With a single gray hairstreak, Bon Appétit pastry chef Claire Saffitz has killed a thousand gays — and they couldn’t be more grateful.
Her most recent execution: TikTok star Tyler Gaca.
“Claire, if you see this, I would die for you,” says Gaca, 25, who lives in Columbus, Ohio, in a recent video. With a tote bag masquerading as an apron and a single hair tie, Gaca pulled off a convincing impression of Saffitz, who’s famous for hosting the magazine’s popular YouTube series Gourmet Makes. He did his homework first. “I’ve watched all of her videos, sometimes multiple times. When a new Gourmet Makes episode comes out, I drop everything to watch it,” he tells MEL.
Saffitz is the breakout star of Bon Appétit‘s YouTube channel, which chronicles the daily interactions of editors and chefs in the magazine’s test kitchen. Through a mixture of individual and group shows, the chefs have created a modern-day sitcom that’s attracting an impassioned audience.
Among the cohort, there’s wise matriarch Carla Lalli, intellectual perfectionist (and my future husband) Chris Morocco and certified hunk Andy Baraghani. Saffitz, a deadpan cynic, is unlike any other YouTuber. “When you watch her, it doesn’t feel like you’re watching an internet persona,” Gaca adds. “You find yourself cheering her on, like, ‘Yes! Make those gourmet Pringles!’”
On Gourmet Makes, her solo show, Saffitz painstakingly recreates candies and childhood desserts like Starbursts, Mentos and (my personal favorite) Pop-Tarts. She almost always succeeds (RIP, Pop Rocks). Watching her is spiritual. She perseveres even when the sugar rocks won’t pop.
In a recent Vulture ranking of her videos, writer Louis Peitzman distilled her essence. “She takes a seemingly unsolvable problem and solves it, all while having a goddamn blast,” he writes.
For fans of the show, Saffitz feels like a close friend. Watching her struggle to temper chocolate while recreating M&Ms is a story of epic triumph. Homer and Huckleberry Finn want what Saffitz has.
“There’s something that lets you feel wildly cathartic while watching her,” Spencer Alton, a fan from Boston, says. “It’s the same feeling you get helping a friend get through a rough patch.”
One of the most popular Saffitz stan accounts is @Meme_Appetit. It’s run by Harry Kersh and Will Martin, journalism colleagues in London. Since creating their Instagram account in January, the duo has garnered 170,000 followers obsessed with their Bon Appétit memes. Kersh notes that by far, Saffitz and her buddy Brad Leone, host of It’s Alive!, garner the biggest responses. Their most viral Instagram is a Twitter screenshot ranking mid-’00s Harvard students by their cultural and societal importance. As it should be, Saffitz outranks Mark Zuckerberg.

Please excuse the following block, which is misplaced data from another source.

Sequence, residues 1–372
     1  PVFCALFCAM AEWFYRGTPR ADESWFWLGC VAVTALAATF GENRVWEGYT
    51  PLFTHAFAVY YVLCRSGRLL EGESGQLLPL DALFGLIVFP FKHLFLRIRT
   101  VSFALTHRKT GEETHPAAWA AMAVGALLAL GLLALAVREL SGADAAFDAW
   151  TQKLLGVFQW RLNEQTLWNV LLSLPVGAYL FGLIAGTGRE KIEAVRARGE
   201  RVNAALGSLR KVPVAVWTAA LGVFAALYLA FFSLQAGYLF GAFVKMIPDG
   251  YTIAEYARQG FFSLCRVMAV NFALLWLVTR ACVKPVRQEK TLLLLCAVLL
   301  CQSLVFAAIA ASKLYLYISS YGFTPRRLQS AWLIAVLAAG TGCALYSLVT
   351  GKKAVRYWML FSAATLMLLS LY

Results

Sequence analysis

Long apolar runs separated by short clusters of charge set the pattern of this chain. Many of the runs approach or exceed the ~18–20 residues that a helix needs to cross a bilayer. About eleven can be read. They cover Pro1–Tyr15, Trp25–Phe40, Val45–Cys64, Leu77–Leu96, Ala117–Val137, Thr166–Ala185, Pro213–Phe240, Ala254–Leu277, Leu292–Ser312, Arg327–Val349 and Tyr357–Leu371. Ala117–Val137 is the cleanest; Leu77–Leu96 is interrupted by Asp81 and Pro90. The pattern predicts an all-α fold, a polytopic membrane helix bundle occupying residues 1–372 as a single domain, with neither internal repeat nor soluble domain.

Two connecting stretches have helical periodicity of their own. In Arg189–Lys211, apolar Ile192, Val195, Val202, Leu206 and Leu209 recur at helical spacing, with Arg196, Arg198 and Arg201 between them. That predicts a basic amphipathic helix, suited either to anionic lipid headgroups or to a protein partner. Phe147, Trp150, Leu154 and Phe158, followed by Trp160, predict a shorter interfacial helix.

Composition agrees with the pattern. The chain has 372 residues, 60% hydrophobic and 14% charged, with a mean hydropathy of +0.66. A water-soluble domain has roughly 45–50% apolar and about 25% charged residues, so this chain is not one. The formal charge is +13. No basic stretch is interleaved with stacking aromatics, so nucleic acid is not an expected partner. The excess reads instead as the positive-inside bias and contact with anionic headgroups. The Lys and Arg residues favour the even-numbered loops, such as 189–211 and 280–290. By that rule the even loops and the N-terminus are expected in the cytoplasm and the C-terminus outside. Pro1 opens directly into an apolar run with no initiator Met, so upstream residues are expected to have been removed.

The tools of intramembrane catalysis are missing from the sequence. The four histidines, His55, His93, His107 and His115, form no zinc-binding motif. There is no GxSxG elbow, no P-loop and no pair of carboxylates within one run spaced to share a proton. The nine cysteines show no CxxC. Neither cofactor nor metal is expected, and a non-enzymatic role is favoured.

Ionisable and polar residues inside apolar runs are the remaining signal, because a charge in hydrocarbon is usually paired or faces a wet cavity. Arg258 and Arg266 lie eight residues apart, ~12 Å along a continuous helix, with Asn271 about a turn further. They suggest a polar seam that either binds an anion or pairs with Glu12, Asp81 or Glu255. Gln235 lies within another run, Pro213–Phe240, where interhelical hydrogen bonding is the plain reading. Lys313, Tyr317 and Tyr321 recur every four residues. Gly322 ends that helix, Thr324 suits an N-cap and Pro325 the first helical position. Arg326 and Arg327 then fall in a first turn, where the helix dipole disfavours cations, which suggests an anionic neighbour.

Sure, Brad is great. He’s like a human teddy bear. A bit bumbling, sure, but always boisterous. But Saffitz, man, she’s who we all actually are: self-deprecating, easily frustrated and always hardworking. “You rarely see him in a hugely challenging situation, and he’s always extremely optimistic,” Kersh says of Brad. “Claire gets challenged a lot more and isn’t afraid to let anyone know when she’s struggling.”
The fanfare around Bon Appétit test kitchen is now large enough that the chefs themselves are full-fledged internet celebrities. They recently hosted a “Best Weekend Ever” retreat with tickets for a cocktail party by Saffitz — costing $400.
While Saffitz stays largely quiet on social media — she’s got an Instagram full of beautiful foods, and we stan a star who keeps it professional — she was informed of Gaca’s TikTok impersonation. “I showed Claire. She loved it. She’s never joining Twitter,” chef Carla Lalli tweeted.
Gaca, who said he’d die if Saffitz saw his TikTok, is officially deceased. He responded from the grave the only way he knew how: by creating a reaction TikTok. “I have an ongoing joke on my TikTok that I’m secretly immortal, but having Queen Claire acknowledge my existence definitely made my heart stop,” he says.